If your first sexual experience involves alcohol, you are likely placing yourself at risk for unintended pregnancy and assault, researchers say. While this may seem obvious, the University at Buffalo Research Institute on Addictions study also offers another more surprising kernel of wisdom: Your future is likely to contain more of the same behavior.

Sadly, past scientific research has mapped a clear path from alcohol to hastily-considered sex. Liquid courage allows many people (including guys) to get loose, forget their body hang-ups, and go with the flow. To better understand the intersection between drinking and sex, Dr. Jennifer A. Livingston, senior research scientist, and her colleagues surveyed 228 women, between the ages 18 and 20, about their sexual experiences and alcohol habits. The average age the women began drinking was 14 and the average age for first sexual intercourse was 16.

Women whose first sexual experiences involved alcohol usually occurred outside a real relationship (in other words, a hook-up), the researchers discovered. Plus, these sexual experiences frequently happened after a party (or any gathering) involving alcohol and also involved a partner using substances.

“These partners may be significantly older, more aggressive, not well-known, or substance users themselves," Livingston said in a press release.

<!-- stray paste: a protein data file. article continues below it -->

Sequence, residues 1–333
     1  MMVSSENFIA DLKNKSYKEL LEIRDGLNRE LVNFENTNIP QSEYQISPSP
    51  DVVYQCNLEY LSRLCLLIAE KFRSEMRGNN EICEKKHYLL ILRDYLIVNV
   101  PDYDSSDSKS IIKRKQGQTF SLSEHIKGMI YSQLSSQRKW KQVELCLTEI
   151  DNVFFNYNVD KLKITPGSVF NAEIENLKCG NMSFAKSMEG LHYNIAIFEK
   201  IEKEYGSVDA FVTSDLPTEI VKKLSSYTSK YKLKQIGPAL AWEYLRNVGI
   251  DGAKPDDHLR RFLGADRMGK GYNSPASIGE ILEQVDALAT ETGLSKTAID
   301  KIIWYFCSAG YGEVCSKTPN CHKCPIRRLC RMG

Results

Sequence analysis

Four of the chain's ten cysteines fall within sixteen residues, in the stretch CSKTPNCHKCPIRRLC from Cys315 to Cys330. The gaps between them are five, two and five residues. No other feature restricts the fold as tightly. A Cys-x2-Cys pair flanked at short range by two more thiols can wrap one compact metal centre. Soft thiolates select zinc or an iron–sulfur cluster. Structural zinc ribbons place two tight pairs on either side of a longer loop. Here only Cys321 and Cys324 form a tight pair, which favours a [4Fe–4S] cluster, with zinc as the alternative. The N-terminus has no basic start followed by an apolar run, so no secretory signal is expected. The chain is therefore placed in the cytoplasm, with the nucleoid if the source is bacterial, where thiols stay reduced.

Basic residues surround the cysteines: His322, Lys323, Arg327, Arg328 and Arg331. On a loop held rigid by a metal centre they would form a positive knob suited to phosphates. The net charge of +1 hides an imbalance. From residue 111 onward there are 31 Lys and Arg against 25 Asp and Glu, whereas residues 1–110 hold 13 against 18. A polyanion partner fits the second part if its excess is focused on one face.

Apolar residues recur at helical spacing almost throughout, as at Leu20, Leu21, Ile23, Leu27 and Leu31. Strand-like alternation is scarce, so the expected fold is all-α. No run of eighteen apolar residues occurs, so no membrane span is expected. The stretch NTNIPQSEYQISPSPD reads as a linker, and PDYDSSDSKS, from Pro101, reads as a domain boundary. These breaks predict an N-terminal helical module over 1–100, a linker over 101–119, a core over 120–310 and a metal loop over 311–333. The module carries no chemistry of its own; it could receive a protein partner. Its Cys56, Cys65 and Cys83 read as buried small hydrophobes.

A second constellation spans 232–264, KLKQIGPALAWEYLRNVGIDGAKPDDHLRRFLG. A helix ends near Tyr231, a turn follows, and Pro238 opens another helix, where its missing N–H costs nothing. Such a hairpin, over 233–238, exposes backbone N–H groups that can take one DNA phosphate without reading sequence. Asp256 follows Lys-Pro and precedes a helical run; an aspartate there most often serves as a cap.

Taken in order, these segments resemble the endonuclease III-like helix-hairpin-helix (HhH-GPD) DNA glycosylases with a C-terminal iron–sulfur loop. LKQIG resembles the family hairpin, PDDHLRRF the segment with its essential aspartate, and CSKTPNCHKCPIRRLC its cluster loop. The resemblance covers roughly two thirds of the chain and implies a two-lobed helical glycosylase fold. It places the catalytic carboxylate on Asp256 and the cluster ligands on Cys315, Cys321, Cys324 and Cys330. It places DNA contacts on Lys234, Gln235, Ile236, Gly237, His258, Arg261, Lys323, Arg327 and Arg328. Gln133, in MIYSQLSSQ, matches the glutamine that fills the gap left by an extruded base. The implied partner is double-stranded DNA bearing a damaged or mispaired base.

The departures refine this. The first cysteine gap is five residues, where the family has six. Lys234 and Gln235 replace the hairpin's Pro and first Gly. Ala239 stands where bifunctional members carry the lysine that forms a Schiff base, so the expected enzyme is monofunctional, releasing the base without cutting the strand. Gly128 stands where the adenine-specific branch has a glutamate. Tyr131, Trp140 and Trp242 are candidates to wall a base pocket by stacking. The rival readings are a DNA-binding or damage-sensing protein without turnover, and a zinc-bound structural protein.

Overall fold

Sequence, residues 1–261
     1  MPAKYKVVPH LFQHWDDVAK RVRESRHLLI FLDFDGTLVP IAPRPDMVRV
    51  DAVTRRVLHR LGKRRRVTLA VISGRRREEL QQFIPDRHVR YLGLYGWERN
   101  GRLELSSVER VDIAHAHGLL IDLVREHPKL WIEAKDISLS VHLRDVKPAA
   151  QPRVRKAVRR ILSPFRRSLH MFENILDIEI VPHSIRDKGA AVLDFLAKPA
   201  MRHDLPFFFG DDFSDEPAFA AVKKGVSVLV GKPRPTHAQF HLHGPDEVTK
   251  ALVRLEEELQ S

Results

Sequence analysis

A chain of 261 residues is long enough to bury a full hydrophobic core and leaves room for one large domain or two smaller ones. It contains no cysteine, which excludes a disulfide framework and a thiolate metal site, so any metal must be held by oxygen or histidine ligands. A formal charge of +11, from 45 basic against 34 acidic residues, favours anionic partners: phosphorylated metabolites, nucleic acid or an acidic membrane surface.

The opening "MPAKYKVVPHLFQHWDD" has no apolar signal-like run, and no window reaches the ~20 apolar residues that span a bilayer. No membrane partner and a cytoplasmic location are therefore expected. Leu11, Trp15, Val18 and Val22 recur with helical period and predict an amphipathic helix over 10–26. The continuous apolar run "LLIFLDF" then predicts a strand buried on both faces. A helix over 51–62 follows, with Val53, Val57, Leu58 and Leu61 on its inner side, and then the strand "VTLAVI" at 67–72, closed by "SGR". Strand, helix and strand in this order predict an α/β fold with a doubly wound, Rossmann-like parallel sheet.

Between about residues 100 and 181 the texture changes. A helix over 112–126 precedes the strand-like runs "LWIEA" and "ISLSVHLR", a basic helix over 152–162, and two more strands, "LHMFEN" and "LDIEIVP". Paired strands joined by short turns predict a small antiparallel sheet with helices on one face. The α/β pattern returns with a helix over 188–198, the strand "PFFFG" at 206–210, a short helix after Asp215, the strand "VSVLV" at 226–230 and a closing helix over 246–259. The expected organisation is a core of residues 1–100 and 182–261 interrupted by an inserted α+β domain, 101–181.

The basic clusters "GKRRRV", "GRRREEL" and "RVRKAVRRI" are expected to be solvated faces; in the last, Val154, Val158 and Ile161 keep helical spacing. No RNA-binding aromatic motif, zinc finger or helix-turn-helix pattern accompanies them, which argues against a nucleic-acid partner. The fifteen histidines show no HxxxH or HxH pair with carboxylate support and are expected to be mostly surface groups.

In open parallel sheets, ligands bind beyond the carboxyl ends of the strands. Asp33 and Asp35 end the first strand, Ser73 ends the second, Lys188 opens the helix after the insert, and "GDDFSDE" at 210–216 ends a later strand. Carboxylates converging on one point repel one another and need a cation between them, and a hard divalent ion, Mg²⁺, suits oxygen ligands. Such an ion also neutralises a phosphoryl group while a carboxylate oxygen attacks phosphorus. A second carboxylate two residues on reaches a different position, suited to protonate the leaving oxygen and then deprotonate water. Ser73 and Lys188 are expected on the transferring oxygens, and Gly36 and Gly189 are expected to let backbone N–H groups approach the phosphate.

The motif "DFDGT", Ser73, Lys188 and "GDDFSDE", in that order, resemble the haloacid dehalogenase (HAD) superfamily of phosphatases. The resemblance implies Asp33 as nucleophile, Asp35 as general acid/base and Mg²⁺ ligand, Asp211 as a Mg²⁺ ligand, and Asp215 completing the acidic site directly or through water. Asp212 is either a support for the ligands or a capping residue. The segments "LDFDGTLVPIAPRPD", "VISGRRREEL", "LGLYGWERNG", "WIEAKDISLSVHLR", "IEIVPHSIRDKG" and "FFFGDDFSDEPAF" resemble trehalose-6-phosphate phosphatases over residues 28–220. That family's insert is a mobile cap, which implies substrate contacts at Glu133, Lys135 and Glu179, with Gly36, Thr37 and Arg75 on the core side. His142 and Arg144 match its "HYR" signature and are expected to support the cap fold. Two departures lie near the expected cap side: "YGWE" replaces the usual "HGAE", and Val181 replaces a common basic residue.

A Pattern Develops

Most of the time girls who lost their virginity in this way had done less planning, felt less desire, and later believed the experience to be more negative than girls who lost their virginity without alcohol.

“In these contexts, there is less discussion of birth control and greater risk of sexually transmitted diseases, sexual assault, and unintended pregnancy,” said Livingston. By comparison, non-drinking sex usually was described by girls as wanted, planned, and more positive. Generally these experiences happened with a boyfriend.

Unfortunately, some of the girls who used alcohol to lose their virginity continued down that path.

“Over time, these young women continued to use alcohol in conjunction with sex, which further exposed them to high-risk partners,” Livingston said.

Nearly one in five of the young women who used alcohol to lose their virginity reported they had been raped. Going forward, these same women were three times more likely to be victims of incapacitated rape, the researchers discovered.

“Alcohol-related risks should be addressed in sexuality education and sexual risks included in substance use prevention,” Livingston said. Though legal, alcohol is most definitely a drug.

Source: Livingston JA, Testa M, Windle M, Bay-Cheng LY. Sexual risk at first coitus: Does alcohol make a difference? Journal of Adolescence. 2015.